“Nothing you wear is more important than your smile.”Connie Stevens
The efforts to maintain a dazzling smile has been a primary antecedence in human society as an indication of good hygiene and self-care. The first toothpaste used by mankind dates back to as early as 500 B.C. From using mints as breath fresheners to pumice as an abrasive, our dental hygiene patterns have come a long way and changed the ingredients of toothpaste.
It was only in the 20th century that scientists came up with what we call a modern toothpaste. Thorough hit-and-trial went through so many phases of learning and unlearning what’s best for our dental care. Here are the few lessons we learnt by:
1. Ox Hooves
One of the constituents of tooth cream used by Egyptians, even the thought of it will make you thank your ordinary herbal toothpaste! The powder of these ox hooves are mixed in the toothpaste during the early years by the Egyptians.
2. Burnt Eggshells
One does not associate a welcoming fragrance when they think of eggs, but it was indeed used in Ancient Egypt back in 500 B.C. as an abrasive material for dental care. As the eggshell contain calcium and contain other minerals that are essential of stronger and healthy enamel and thus it prevents cavities.
3. Horse Hair
Though not as toothpaste, the tail of horse was used as bristles for a usable toothbrush along with the bark of a tree as an abrasive. Seems like Anti-bacterial properties for a toothpaste wouldn’t have been a priority back in those times.
4. Crushed Bones
Romans extensively used bones as an abrasive material for brushing against their denture and supposedly helped in controlling dental plaque. Often associated with class, it is highly doubtful if they realized the effect of scrubbing bone on the tooth enamel, needless to
5. Oyster Shells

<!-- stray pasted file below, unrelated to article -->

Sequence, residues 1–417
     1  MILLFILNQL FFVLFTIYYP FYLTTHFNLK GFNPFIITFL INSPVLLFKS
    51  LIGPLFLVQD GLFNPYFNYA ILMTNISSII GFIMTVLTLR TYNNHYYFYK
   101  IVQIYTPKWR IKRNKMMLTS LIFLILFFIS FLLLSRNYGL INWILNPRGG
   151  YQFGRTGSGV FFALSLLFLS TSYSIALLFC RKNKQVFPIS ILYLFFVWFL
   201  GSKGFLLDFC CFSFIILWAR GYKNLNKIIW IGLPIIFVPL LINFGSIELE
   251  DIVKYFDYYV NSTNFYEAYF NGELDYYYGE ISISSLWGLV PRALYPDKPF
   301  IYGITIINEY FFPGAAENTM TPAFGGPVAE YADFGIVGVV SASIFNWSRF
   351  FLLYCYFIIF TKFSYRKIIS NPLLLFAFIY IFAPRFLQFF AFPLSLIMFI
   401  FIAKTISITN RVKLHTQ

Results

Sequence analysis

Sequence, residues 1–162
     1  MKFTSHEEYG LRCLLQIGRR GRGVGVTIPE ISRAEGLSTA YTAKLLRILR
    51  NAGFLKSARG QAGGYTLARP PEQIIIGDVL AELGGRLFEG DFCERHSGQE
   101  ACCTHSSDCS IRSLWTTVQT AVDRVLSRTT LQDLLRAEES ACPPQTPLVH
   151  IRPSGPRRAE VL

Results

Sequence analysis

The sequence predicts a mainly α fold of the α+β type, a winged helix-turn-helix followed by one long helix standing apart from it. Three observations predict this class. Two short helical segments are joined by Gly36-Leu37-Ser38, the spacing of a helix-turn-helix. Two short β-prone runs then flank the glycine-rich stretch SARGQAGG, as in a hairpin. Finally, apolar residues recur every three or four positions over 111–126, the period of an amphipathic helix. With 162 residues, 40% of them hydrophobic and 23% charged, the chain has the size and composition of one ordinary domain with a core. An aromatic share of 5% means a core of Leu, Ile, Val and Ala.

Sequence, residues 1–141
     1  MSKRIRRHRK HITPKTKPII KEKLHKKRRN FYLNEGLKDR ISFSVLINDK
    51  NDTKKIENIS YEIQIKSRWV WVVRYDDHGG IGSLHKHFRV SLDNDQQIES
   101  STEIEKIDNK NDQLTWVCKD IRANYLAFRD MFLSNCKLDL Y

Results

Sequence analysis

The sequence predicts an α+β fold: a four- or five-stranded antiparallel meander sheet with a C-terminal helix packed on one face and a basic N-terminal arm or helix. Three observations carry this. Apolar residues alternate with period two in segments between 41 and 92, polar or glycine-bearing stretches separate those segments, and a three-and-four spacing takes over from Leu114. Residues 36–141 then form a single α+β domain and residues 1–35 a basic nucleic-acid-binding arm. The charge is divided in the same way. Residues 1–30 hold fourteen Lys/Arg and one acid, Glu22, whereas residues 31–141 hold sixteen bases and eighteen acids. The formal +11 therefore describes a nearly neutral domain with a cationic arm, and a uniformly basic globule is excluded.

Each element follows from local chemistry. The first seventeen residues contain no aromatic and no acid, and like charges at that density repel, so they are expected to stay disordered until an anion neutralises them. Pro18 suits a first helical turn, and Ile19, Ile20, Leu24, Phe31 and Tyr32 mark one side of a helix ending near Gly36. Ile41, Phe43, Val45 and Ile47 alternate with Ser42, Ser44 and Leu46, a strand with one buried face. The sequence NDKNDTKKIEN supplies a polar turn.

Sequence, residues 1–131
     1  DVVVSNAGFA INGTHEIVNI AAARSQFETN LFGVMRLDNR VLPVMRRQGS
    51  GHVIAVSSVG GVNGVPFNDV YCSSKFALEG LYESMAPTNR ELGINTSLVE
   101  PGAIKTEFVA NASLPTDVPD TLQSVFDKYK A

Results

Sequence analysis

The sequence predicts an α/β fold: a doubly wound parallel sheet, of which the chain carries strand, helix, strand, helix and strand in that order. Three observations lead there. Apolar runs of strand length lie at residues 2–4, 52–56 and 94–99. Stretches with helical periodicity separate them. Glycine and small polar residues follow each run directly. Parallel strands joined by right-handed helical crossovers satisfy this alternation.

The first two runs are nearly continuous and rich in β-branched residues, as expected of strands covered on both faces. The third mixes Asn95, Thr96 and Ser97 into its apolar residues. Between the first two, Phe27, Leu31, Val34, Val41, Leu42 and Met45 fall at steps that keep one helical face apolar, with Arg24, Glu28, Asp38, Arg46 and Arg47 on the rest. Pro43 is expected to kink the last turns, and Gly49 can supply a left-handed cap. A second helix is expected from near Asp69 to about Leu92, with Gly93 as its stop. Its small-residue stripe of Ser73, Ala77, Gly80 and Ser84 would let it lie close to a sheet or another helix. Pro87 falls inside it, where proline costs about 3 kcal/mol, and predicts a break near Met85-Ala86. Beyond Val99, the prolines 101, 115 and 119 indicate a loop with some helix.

Being a revered delicacy throughout the coastline, it was once used as a tooth product as well. Though being rich in vitamins and calcium, it is indeed, an excellent calcium supplement. However, it is linked to various digestive and gastric complications.
6. Pig Neck
A rather unusual choice for oral care, the pig’s neck was used as bristles attached to a bamboo handle or bone. It was used in the 15th century in Ancient China. These natural bristles were similar to horse hair bristle.
7. Powdered Glass
Powdered glass and radish were crushed and mixed to make a dental paste in A.D. 47 by renowned Roman physicians. Today, it is referred as ‘an instrument of death’, but back then, it was known to remove impurities and stains. Better watch out your gums before obtaining a stain-free smile!
8. Deer Antlers
Chewing deer antlers mixed with rock salt were considered to make teeth stronger by the Romans in the past. Nowadays, they are used for dogs. These deer antlers are also used as the toothbrush holder by shaping them and attaching bristles to them.
9. Burnt Snail Shells
Ancient China too experimented with consumable items for their tooth hygiene. Rich in calcium deposits, but who will afford to kill one poor snail every day! These shells were first crushed and mixed with charcoal, bark and crushed bones.
It was the part of Roman asepsis for a long time. Though not the absurd material on our list, but vinegar rinse every day can cause paramount enamel damage. There are various ways through which we can use vinegar as a toothpaste. One example is vinegar and baking soda.
11. Strong acids- Much to our surprise, European people used various strong acids in The Middle Ages to keep tooth stains at a bay. While a small amount surely removes plaque and kills bacteria, this dangerous formula will causes stomach ulcers.
12. Synthetic Detergents
Soon after its discovery in 1945, it instantly became a tooth product of choice for the masses. It can be a powerful disinfectant, but potentially causes gum problems and erodes tooth enamel.
13. Soapwort Plant
Perhaps the least harmful of all, soapwort plant, it can be made into the soap as it produces lather when in contact with water. However, it is a host plant for a lot of moth species! It is also siad to be an ideal for natural toothpaste.
The newly discovered radioactive substance was used in almost everything, from watches, to soaps and toothpaste in the early 20th century under Dr. Alfred Curie. It was the dawn of the scientific era, and many scientists aggressively used products without quantifying its irreparable damage. The effects of radiation include permanent damage to the DNA, anemia, tooth fracture, cell death.
Used in Colgate Total as an anti-bacterial agent and a carcinogen, many studies claim its ill-effects on the immune system, thyroid and hormone regulations. A few of the horrifying effects of triclosan are bone deformation, an altered shape of sperm and weakens the heart muscles.